Chlorpyrifos Oxon Activates Glutamate and Lysine for Protein Cross-linking

Diego Muñoz-Torrero, Lawrence M. Schopfer, Oksana Lockridge

Research output: Contribution to journalArticlepeer-review

1 Scopus citations

Abstract

Chronic low-dose exposure to organophosphorus (OP) toxicants is correlated with an increase in the risk of impaired cognition and neurodegenerative diseases. A mechanism to explain this relationship is needed. We suggest that the formation of organophosphate-induced high-molecular-weight protein aggregates that disrupt cell function may be the missing link. It has been demonstrated that such aggregation can be promoted by OP-labeled lysine. Alternatively, OP-labeled glutamate may be the initiator. To test this hypothesis, we treated MAP-rich tubulin Sus scrofa and human transglutaminase with chlorpyrifos oxon. Trypsin-digested proteins were subjected to liquid chromatography-tandem mass spectrometry followed by Protein Prospector searches to identify diethyl phosphate adducts and cross-linked peptides. We report the presence of diethyl phosphate adducts on the side chains of glutamate, lysine, and tyrosine, as well as cross-links between glutamate and lysine. Glutamate-lysine cross-linking could be initiated either by diethyl phosphate-activated glutamate or by diethyl phosphate-activated lysine to form stable isopeptide bonds between and within proteins. It was concluded that organophosphate-induced high-molecular-weight protein aggregates could promote brain dysfunction.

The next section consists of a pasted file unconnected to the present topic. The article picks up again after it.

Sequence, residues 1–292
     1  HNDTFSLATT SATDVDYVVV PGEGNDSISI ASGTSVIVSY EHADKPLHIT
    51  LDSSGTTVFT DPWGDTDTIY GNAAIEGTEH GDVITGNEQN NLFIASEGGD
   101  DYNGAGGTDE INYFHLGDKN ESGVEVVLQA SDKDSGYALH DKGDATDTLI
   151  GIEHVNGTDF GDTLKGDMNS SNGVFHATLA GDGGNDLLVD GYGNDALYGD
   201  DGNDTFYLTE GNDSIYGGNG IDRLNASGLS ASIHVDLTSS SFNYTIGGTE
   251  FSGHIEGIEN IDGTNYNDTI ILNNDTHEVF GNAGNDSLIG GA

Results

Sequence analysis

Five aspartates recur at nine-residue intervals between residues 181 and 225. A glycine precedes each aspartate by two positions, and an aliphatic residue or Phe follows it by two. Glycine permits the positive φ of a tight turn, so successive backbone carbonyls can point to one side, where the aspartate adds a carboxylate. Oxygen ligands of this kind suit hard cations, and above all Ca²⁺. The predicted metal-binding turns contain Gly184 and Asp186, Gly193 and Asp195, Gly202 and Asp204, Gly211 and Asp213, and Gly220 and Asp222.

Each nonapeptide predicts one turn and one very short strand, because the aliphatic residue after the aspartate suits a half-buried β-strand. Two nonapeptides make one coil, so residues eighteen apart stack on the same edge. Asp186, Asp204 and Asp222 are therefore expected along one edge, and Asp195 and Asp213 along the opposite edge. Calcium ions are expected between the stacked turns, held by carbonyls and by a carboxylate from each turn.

Original languageEnglish (US)
Pages (from-to)112-121
Number of pages10
JournalChemical Research in Toxicology
Volume36
Issue number1
DOIs
StatePublished - Jan 16 2023

ASJC Scopus subject areas

  • Toxicology

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